At the urging of a seventh-grade teacher in Tucson, Arizona, Reagle started submitting crosswords to The New York Times, and his first puzzle was published in the Times in 1966 when he was 16. Until just recently, when nudged aside by a 15-year-old constructor, Reagle held the distinction of being the youngest crossword constructor ever published in the Times. Approaching 1,000 Sunday grids later, this three-time TV-game-show writer has matured into perhaps the nation’s most prolific puzzle constructor, a one-man crossword factory.

“I’ve always felt that if you take the gags out of my puzzles they still have to work as humor,” says Reagle, explaining in part why many of his puzzles remain so firmly in his mind that even years later he can call up examples of his themed answers. For instance, THATSASTEWPOTIDEA and FANNYFIRMER, which appeared in a puzzle called “Cookbooks I’d Like to See.” “It’s very similar to Mad Magazine or David Letterman’s Top 10 List, only I have to keep it clean and it has to obey certain rules,” he says.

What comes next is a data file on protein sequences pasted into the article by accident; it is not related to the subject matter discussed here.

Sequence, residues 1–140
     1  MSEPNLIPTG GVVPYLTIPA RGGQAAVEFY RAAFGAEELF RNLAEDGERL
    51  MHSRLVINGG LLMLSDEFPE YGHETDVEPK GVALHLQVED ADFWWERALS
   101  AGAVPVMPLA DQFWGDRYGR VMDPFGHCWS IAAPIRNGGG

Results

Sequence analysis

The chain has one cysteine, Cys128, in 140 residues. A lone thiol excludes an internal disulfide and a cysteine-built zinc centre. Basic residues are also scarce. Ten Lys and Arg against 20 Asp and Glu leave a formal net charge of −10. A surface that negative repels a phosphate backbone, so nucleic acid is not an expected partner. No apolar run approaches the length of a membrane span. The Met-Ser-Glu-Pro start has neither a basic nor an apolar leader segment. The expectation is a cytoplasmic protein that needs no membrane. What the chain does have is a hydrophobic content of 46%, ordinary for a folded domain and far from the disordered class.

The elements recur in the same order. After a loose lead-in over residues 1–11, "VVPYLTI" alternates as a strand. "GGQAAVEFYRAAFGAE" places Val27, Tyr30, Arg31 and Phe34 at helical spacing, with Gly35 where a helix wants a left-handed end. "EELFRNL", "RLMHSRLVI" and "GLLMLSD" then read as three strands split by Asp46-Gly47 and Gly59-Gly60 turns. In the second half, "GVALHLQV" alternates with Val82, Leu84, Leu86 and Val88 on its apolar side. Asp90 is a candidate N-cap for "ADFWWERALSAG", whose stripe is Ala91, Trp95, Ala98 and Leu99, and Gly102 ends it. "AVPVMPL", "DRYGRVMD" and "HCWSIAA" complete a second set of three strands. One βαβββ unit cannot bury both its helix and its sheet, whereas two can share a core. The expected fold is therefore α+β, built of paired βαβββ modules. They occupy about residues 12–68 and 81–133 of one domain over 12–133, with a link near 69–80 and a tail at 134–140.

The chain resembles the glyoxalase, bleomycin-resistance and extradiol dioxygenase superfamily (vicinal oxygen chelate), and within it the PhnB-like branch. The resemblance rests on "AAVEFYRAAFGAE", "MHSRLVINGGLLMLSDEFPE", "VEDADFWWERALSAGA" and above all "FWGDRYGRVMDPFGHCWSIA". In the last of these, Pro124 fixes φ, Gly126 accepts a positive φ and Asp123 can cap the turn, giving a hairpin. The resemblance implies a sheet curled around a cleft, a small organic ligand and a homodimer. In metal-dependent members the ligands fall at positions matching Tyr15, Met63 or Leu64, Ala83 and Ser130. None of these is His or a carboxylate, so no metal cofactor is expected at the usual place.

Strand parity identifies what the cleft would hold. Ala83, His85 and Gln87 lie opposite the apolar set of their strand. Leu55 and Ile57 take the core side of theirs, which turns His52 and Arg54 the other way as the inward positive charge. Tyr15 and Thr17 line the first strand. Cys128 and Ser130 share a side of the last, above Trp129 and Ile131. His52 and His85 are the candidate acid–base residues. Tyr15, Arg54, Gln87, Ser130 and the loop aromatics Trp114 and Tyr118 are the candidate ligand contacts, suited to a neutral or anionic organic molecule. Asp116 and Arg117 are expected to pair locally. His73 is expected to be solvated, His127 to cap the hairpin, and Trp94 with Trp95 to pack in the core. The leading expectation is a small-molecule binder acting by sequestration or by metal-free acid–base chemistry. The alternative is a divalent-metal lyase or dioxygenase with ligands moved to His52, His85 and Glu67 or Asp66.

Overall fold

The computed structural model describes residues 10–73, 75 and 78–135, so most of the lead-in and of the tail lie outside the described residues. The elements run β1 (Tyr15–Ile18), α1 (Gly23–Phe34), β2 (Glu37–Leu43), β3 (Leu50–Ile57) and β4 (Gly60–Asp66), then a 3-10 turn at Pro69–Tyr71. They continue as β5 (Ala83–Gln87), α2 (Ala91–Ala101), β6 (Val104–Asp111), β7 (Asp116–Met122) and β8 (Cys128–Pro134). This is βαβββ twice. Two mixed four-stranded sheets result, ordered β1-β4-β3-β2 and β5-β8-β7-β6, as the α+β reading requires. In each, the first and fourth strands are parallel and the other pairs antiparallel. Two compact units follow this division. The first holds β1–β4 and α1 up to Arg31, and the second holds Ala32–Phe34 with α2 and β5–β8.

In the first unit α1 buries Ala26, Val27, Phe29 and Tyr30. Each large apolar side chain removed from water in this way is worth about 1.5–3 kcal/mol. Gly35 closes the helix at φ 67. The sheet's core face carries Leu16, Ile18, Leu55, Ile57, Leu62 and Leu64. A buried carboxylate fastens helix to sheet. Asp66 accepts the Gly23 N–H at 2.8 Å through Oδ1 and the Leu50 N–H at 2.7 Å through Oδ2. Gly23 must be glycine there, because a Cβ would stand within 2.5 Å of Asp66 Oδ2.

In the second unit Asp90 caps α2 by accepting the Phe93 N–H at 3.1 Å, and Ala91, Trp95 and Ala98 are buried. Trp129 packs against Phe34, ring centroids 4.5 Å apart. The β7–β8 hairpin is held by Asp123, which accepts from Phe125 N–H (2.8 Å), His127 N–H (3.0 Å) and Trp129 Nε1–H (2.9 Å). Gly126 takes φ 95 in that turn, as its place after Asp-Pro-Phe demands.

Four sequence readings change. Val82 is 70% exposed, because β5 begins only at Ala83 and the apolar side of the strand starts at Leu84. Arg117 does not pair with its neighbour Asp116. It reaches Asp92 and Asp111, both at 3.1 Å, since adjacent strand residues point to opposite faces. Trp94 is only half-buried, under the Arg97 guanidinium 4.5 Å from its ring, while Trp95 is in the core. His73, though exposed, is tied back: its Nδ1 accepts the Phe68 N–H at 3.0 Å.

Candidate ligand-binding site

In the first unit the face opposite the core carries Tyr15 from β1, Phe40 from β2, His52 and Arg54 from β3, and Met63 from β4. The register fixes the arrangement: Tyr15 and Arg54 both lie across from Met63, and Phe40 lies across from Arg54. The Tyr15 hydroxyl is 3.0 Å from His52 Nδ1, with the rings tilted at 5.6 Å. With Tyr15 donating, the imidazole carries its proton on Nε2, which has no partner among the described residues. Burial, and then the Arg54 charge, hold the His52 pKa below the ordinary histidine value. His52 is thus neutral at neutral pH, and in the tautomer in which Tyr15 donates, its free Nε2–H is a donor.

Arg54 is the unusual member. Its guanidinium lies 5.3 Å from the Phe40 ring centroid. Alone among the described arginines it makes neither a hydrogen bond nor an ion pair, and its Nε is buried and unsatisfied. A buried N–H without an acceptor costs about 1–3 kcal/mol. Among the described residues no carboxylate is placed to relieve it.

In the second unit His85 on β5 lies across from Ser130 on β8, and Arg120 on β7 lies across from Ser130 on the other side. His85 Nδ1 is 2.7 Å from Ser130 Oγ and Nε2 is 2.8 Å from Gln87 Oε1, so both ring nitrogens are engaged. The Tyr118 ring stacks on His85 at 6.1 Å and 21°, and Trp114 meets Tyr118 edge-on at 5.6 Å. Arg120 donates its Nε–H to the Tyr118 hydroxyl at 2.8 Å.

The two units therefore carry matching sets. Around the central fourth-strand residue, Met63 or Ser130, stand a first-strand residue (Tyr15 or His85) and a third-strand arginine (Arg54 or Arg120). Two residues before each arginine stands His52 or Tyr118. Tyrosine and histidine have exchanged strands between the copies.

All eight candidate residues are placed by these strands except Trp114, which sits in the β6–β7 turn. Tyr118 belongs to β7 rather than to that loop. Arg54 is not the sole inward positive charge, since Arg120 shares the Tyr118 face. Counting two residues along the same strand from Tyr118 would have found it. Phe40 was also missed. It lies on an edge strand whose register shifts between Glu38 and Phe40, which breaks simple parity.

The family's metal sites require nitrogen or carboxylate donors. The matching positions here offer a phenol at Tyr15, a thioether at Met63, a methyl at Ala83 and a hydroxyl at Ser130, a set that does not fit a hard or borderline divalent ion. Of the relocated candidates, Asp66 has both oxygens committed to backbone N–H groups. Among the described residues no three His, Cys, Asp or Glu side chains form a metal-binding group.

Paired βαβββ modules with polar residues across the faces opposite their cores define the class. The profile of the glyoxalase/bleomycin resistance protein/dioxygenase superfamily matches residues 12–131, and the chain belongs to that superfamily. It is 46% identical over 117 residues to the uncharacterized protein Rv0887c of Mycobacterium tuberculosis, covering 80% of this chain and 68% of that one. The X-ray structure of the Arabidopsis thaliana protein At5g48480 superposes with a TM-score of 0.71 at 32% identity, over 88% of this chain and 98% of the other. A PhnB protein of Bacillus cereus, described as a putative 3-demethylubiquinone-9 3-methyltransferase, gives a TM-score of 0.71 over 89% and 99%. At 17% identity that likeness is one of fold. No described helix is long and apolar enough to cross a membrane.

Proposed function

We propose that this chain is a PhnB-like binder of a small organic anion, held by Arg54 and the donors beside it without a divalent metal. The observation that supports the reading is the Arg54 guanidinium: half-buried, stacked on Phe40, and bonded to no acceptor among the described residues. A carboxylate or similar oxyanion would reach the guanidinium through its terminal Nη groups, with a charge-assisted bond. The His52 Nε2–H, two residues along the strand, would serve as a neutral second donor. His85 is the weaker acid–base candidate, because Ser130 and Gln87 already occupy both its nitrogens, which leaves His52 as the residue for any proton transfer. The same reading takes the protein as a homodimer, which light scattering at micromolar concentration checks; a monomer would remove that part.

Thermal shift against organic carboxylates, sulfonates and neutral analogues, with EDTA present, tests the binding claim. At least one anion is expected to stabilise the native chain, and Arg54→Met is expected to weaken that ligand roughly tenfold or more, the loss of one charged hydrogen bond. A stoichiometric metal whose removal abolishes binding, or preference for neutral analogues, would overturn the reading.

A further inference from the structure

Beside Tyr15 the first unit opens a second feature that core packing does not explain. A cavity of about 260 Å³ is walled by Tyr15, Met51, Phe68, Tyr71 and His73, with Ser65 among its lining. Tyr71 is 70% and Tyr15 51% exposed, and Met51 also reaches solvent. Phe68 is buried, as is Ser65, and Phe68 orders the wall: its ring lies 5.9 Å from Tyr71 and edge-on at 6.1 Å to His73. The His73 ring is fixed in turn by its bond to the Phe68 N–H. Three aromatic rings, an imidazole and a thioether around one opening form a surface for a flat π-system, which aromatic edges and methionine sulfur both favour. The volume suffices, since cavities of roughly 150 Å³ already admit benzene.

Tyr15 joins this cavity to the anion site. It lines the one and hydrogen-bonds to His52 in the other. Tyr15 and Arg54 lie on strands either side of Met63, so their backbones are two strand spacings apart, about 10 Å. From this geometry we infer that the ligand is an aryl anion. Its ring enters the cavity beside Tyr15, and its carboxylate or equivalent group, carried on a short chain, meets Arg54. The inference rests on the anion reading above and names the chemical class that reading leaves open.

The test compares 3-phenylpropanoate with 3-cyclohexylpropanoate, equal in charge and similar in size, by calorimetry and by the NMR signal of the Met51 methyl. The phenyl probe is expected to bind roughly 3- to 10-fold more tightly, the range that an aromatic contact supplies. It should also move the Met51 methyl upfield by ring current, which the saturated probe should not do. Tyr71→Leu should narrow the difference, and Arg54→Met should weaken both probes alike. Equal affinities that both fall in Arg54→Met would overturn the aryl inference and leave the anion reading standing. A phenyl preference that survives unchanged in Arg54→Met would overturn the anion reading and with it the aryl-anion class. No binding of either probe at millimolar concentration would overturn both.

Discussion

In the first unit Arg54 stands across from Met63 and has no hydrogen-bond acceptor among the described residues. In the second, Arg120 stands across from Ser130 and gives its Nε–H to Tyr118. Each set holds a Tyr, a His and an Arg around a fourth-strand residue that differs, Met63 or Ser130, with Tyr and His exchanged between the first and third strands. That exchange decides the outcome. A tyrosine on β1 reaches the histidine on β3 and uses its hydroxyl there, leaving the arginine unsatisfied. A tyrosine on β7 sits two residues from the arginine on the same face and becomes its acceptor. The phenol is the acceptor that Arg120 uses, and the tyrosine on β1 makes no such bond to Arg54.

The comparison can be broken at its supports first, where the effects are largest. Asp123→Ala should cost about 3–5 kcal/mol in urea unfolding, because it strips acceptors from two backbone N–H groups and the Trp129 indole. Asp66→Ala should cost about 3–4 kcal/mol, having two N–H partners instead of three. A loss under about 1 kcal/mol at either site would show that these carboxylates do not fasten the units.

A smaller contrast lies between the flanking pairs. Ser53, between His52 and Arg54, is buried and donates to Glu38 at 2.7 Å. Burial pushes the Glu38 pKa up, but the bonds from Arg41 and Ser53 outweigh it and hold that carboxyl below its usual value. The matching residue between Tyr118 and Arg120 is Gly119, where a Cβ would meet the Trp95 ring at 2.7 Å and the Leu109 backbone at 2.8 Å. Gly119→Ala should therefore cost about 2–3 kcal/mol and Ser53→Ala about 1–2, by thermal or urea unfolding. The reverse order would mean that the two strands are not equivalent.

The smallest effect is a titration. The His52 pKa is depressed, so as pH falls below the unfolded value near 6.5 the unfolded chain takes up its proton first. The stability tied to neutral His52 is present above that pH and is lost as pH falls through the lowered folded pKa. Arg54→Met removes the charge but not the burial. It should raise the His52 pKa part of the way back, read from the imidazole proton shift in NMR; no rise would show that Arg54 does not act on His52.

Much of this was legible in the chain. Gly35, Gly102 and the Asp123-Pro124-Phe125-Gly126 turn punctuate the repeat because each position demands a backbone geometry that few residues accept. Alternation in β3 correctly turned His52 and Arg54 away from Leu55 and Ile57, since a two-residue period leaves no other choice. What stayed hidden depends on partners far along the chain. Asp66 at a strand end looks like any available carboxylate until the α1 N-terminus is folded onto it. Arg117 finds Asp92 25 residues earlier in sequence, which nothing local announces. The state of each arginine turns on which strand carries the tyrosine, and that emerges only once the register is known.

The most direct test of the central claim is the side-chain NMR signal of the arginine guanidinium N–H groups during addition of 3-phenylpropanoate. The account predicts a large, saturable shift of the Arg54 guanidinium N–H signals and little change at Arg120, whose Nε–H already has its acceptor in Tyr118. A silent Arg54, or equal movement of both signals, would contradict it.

Wry observations (“jumbo shrimp” and “military intelligence”) that comedian George Carlin might stitch into stand-up, Reagle lays flat but still effervescent on the page. “PALM SPRINGS. ‘Slinkies,’ right?” he says, chuckling at his peculiar perception. “Or GLADALLOVER. ‘What happens when a storage bag factory explodes?’” Maybe he was, as he likes to say, born to fit words into grids. For his 50th birthday, he hid his vowel-filled name in crossword answers like HAMMERLOCK and FETZER EAGLE PEAK MERLOT.

On the way out of the restaurant, Reagle spies the word OCEANS on the eatery’s daily blackboard trivia question. Without breaking stride, he asks, “What kind of watercraft is an anagram of OCEAN?” (Canoe.)